- Apart from cyclic quadrilaterals, these special quadrilaterals and their properties have been introduced informally over several years, but without congruence, a rigorous discussion of them was not possible.
- Each congruence proof uses the diagonals to divide the quadrilateral into triangles, after which we can apply the methods of congruent triangles developed in the module, Congruence,

The present treatment has four purposes:

The parallelogram and rectangle are carefully defined. Their significant properties are proven, mostly using congruence. Tests for them are established that can be used to check that a given quadrilateral is a parallelogram or rectangle − again, congruence is mostly required. Some ruler-and-compasses constructions of them are developed as simple applications of the definitions and tests.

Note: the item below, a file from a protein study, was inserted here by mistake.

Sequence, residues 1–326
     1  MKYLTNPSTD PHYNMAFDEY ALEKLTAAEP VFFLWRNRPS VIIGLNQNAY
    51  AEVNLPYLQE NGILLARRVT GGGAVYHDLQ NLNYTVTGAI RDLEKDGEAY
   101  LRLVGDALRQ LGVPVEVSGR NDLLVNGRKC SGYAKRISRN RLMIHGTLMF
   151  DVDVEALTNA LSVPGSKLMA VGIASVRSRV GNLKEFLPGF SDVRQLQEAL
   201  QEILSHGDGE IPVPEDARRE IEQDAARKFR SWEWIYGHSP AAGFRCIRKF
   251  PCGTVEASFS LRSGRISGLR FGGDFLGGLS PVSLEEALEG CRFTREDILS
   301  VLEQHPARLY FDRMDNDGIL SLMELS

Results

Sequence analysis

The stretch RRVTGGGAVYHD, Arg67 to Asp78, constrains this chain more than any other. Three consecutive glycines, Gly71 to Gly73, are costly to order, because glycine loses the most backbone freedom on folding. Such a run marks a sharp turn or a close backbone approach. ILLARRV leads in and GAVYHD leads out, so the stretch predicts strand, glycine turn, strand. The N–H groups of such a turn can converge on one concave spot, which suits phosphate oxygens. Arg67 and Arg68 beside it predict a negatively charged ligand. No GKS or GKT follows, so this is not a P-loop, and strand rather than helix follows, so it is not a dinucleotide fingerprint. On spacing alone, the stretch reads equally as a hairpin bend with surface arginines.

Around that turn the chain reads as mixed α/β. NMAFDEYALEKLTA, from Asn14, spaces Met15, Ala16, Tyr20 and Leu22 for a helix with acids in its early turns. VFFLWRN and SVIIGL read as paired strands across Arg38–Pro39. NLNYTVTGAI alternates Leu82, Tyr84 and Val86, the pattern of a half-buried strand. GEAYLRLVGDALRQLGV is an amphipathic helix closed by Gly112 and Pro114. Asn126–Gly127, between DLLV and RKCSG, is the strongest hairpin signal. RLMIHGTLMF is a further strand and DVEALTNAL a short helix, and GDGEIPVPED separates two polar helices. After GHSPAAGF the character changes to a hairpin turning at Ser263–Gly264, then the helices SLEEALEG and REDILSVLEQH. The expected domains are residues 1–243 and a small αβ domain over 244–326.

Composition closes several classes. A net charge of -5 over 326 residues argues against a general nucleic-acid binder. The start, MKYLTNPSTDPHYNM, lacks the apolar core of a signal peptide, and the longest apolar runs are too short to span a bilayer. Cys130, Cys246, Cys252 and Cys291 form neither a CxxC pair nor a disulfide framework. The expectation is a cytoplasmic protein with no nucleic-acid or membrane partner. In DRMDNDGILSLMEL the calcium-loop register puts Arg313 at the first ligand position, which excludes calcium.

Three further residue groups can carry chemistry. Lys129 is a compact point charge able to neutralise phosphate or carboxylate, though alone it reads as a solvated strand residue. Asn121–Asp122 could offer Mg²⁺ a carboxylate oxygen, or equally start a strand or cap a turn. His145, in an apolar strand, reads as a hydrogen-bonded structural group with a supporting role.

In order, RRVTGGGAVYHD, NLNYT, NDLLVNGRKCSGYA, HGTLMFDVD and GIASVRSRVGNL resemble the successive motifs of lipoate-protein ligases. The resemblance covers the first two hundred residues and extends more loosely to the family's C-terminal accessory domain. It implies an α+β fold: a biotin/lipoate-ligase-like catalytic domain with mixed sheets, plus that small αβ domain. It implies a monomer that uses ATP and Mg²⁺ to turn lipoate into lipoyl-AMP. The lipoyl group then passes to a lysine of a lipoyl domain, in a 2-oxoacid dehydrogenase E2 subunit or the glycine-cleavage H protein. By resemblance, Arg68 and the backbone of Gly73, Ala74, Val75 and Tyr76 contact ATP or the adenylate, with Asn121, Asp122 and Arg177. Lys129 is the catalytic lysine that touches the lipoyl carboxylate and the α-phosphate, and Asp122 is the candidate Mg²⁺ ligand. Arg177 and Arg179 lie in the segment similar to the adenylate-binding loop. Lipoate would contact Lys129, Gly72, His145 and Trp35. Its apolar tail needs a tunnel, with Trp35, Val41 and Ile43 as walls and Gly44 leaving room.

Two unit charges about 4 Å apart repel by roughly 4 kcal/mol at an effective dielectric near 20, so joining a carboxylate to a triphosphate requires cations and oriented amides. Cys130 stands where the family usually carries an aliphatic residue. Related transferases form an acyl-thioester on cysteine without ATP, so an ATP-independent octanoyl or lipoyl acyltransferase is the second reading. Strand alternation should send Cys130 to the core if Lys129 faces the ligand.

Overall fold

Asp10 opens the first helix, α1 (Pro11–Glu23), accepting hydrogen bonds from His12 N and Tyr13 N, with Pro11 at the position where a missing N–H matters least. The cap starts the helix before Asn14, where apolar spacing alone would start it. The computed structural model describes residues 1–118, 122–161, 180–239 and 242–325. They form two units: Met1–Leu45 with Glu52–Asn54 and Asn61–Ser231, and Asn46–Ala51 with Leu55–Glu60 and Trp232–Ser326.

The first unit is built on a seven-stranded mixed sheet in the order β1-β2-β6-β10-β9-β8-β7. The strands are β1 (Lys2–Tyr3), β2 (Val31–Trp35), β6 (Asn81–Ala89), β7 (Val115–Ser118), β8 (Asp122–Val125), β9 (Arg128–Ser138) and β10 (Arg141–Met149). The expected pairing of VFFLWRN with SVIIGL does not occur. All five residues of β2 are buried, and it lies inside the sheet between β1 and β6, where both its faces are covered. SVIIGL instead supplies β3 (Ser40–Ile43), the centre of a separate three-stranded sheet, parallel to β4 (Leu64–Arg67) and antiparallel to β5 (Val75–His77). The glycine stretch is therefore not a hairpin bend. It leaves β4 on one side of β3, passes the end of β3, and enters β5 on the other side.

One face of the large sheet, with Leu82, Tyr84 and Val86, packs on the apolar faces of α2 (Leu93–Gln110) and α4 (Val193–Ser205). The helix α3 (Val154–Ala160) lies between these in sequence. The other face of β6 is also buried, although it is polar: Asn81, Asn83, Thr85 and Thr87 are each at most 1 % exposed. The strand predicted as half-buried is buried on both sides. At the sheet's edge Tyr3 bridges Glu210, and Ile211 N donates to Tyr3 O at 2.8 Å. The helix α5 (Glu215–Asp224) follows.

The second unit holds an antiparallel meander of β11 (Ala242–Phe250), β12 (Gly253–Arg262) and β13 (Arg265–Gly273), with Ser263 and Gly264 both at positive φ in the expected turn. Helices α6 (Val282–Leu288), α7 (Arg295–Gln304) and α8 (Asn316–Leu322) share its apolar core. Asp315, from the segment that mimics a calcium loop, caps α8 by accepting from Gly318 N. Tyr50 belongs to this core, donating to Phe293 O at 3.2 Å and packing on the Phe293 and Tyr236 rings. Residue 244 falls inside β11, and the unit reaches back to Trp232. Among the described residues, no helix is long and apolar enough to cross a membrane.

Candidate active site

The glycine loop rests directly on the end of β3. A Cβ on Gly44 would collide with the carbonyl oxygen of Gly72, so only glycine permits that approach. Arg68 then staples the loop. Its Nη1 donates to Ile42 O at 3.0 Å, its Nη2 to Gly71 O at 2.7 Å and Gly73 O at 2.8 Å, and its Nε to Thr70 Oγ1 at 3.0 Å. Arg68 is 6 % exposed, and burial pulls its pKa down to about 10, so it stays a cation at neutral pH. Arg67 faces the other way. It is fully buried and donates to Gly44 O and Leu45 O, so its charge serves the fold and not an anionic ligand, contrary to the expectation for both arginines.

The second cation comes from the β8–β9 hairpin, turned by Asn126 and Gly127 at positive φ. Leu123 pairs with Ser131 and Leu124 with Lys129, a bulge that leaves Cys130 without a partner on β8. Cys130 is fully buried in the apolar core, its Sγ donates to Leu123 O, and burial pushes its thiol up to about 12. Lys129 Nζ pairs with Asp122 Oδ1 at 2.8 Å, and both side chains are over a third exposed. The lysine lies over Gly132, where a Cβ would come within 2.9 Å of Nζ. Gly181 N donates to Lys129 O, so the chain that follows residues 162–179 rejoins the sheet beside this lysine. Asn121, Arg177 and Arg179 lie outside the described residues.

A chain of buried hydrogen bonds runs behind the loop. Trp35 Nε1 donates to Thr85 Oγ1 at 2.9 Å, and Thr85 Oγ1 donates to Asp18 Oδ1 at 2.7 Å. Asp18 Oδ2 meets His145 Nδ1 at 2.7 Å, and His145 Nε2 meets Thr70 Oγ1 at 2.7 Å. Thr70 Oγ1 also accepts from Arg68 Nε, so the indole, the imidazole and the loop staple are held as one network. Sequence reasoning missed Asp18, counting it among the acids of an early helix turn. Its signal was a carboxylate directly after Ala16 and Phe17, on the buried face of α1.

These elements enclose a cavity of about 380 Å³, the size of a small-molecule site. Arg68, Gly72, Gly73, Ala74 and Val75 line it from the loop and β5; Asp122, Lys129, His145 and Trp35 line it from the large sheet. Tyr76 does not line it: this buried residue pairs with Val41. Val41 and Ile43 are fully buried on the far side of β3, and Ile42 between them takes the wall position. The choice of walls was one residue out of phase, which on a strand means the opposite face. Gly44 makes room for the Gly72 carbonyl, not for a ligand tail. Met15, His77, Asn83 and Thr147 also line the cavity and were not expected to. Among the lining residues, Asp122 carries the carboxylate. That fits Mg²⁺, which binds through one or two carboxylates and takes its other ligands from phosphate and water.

The material in this module is suitable for Year 8 as further applications of congruence and constructions. Because of its systematic development, it provides an excellent introduction to proof, converse statements, and sequences of theorems. Considerable guidance in such ideas is normally required in Year 8, which is consolidated by further discussion in later years.

The complementary ideas of a ‘property’ of a figure, and a ‘test’ for a figure, become particularly important in this module. Indeed, clarity about these ideas is one of the many reasons for teaching this material at school. Most of the tests that we meet are converses of properties that have already been proven.

For example, the fact that the base angles of an isosceles triangle are equal is a property of isosceles triangles. This property can be re-formulated as an ‘If, then ‘ statement:

If two sides of a triangle are equal, then the angles opposite those sides are equal.

Now the corresponding test for a triangle to be isosceles is clearly the converse statement: